Bernie Sanders, senator of Vermont and democratic presidential candidate, will air his first TV ad for his 2016 campaign.
“Bernie Sanders. Husband. Father. Grandfather. An honest leader — building a movement with you, to give us a future to believe in,” are the last words of the narrator.
The 60-second spot will be aired by paying 2$ million dollars for airtime. The images start with Sanders biography, from his childhood in Brooklyn as a son of polish immigrants, going to public schools and later attending to the Martin Luther King’s march in 1963.
The narrator tells about Bernie’s career in Vermont, winning the elections and being called “one of America’s best mayors”, followed by his intentions to fight against “Wall Street and a corrupt political system”.
Central messages of his campaign, such as equal payment for women, college free tuition and a fair minimum wage are included in the spot, as it also remembers Sanders opposition against the Iraq conflict and his support to veterans.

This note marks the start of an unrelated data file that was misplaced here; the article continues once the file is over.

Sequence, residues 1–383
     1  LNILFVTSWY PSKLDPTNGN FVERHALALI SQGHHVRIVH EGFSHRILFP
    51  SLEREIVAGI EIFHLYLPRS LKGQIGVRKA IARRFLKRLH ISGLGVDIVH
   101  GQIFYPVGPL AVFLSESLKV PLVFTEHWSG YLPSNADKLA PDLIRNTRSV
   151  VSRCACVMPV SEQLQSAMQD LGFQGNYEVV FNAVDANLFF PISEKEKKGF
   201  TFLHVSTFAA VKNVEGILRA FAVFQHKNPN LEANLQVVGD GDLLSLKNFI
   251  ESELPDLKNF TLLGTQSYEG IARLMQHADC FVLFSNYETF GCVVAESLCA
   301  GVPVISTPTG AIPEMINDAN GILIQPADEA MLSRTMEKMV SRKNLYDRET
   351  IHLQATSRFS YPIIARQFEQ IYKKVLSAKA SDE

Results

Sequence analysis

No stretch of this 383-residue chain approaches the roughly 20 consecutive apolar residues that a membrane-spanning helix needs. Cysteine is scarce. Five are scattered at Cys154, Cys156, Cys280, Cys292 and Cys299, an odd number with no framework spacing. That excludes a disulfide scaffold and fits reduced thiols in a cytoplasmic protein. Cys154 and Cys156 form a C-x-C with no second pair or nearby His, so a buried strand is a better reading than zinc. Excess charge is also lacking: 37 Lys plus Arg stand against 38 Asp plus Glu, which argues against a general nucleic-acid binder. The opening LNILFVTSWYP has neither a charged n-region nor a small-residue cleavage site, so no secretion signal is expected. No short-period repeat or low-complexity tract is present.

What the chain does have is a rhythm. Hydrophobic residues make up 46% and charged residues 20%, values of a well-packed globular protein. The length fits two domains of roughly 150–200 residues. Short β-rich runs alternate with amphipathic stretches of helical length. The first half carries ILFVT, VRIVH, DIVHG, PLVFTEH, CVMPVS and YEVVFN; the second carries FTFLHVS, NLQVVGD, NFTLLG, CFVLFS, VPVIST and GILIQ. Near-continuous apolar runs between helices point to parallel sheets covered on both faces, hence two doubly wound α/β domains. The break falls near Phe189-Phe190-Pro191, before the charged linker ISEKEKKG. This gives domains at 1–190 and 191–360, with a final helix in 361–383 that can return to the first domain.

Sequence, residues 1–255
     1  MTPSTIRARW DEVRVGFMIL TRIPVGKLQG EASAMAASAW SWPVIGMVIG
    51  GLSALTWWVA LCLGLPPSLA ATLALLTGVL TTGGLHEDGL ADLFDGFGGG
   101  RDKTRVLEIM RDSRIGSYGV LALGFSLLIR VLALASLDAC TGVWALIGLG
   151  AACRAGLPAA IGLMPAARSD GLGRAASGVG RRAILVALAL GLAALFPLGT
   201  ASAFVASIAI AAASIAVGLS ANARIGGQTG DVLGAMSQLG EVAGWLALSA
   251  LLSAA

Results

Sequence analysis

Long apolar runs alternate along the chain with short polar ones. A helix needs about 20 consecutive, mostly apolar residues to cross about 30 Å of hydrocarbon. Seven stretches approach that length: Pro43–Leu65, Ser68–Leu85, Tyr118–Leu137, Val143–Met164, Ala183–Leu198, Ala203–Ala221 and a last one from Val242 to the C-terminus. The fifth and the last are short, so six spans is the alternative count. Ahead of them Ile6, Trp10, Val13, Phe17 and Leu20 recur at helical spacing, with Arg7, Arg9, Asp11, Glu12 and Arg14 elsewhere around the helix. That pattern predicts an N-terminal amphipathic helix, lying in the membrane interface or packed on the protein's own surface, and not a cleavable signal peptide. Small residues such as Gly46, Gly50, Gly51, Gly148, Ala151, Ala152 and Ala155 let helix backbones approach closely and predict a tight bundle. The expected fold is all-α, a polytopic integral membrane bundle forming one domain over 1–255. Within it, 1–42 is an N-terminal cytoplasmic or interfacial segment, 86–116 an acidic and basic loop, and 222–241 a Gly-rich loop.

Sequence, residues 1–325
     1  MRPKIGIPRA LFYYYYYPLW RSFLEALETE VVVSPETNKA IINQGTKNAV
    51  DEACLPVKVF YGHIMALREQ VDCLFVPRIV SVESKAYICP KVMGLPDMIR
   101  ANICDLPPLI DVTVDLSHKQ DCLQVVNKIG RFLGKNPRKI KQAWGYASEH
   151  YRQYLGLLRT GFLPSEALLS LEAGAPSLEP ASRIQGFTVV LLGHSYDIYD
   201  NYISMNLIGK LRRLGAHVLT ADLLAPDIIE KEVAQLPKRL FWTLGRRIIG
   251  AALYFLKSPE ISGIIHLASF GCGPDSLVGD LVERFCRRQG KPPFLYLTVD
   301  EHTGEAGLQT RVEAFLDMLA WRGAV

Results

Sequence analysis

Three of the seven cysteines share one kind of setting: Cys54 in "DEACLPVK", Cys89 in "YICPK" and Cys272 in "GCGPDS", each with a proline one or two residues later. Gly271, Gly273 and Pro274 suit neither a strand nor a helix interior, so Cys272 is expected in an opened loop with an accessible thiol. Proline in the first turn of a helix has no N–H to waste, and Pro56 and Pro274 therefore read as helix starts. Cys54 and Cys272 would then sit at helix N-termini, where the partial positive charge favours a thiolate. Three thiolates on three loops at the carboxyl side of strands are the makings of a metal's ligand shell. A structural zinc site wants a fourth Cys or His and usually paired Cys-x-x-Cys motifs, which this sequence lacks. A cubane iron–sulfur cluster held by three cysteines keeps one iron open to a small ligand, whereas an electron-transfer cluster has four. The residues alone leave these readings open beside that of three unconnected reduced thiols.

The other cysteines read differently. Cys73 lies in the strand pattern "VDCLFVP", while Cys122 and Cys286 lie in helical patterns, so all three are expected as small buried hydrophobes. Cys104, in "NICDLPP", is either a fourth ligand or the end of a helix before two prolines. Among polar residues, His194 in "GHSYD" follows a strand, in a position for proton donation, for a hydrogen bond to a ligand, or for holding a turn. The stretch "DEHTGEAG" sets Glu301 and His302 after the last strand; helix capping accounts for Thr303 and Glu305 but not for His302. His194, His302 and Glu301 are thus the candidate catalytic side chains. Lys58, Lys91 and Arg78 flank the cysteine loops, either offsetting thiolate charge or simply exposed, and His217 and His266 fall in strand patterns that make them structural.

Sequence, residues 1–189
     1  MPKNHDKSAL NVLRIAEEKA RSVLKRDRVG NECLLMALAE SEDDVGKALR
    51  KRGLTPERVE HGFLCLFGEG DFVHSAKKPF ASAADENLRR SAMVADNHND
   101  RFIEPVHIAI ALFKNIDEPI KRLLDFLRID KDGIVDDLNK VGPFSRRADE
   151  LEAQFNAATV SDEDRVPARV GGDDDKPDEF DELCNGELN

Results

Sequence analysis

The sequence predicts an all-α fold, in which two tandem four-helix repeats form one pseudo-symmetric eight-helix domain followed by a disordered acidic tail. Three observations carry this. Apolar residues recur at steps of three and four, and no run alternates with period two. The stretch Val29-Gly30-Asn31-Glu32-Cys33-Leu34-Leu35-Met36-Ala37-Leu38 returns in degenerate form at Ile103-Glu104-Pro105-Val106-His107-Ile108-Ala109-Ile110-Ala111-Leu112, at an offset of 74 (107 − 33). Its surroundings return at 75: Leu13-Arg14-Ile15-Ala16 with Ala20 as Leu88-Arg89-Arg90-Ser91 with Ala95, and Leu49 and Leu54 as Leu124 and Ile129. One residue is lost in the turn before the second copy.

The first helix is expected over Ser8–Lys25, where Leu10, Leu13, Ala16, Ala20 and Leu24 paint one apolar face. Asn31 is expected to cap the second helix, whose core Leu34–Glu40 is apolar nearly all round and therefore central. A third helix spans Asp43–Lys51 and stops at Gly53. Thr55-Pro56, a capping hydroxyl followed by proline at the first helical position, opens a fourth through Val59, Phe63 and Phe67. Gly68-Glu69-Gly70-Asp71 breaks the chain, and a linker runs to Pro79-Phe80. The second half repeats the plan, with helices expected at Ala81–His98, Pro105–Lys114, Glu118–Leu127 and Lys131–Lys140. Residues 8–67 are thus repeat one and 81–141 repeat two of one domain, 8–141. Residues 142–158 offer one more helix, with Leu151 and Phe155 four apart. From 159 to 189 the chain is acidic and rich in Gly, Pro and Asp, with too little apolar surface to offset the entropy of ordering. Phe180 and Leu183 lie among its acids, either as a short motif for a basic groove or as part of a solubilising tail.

Jeff Weaver, Sanders’ campaign manager, said, “Thousands of Americans have come out to see Bernie speak and we’ve seen a great response to his message. This ad marks the next phase of this campaign. We’re bringing that message directly to the voters of Iowa and New Hampshire,” according to USA Today.
What the numbers say
Recent surveys show that Sanders remains below Hillary Clinton, as she dominates a rather small group of candidates, specially after Joe Biden declared himself out of the presidential race.
According to a poll made by NBC News online, conducted by SurveyMonkey, Clinton took advantage as Jim Webb and Lincoln Chafee also retired from competition, reinforcing her lead up to 20 points —having 50 percent of support.
On the other hand, the self-denominated democratic socialist Bernie Sanders stays in the second place, showing 30 percent of approval, as he has a large support from young voters and from more than 1 million people donating money to his campaign.
Sanders said, “If we win Iowa and New Hampshire, it opens up for us a path toward victory,” last Friday in New Hampshire, according to the Washington Post. He is hoping that his “real change” message will be heard by voters and supporters.
Source: USA Today